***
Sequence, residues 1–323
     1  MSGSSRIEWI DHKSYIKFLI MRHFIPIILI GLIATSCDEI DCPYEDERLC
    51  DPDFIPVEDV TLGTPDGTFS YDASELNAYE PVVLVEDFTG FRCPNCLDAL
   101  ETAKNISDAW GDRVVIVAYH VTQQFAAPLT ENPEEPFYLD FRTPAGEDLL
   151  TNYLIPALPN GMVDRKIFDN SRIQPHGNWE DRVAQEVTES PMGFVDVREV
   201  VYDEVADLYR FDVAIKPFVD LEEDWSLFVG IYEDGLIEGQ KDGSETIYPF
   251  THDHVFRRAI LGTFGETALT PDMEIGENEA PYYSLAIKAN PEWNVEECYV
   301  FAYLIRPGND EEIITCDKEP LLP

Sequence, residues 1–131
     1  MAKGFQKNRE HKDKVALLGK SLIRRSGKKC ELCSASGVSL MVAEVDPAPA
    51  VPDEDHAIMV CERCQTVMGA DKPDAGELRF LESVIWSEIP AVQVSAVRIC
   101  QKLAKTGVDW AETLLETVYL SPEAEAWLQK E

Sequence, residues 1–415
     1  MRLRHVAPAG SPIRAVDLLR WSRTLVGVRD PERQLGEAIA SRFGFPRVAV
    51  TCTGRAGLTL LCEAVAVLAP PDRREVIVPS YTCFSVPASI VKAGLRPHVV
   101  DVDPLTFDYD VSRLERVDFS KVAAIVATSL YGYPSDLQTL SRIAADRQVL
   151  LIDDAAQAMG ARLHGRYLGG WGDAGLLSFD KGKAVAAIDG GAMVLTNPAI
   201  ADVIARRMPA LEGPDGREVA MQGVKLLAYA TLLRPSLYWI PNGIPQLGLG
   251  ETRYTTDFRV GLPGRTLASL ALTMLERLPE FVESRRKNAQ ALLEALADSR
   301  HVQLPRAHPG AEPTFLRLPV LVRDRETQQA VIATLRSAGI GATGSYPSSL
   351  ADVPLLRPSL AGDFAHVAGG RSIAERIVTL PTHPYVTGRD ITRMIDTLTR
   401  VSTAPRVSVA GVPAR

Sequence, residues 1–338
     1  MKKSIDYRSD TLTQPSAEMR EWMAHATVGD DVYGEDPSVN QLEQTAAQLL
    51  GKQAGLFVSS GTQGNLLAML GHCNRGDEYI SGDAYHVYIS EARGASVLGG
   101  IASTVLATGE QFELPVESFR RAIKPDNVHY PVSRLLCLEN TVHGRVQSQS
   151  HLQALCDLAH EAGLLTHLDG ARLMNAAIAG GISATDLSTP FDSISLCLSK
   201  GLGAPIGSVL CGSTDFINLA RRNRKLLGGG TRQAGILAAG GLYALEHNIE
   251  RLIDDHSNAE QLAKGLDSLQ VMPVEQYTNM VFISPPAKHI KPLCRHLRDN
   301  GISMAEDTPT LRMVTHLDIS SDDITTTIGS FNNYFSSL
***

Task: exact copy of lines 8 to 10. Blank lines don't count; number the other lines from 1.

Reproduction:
   301  FAYLIRPGND EEIITCDKEP LLP

Sequence, residues 1–131
     1  MAKGFQKNRE HKDKVALLGK SLIRRSGKKC ELCSASGVSL MVAEVDPAPA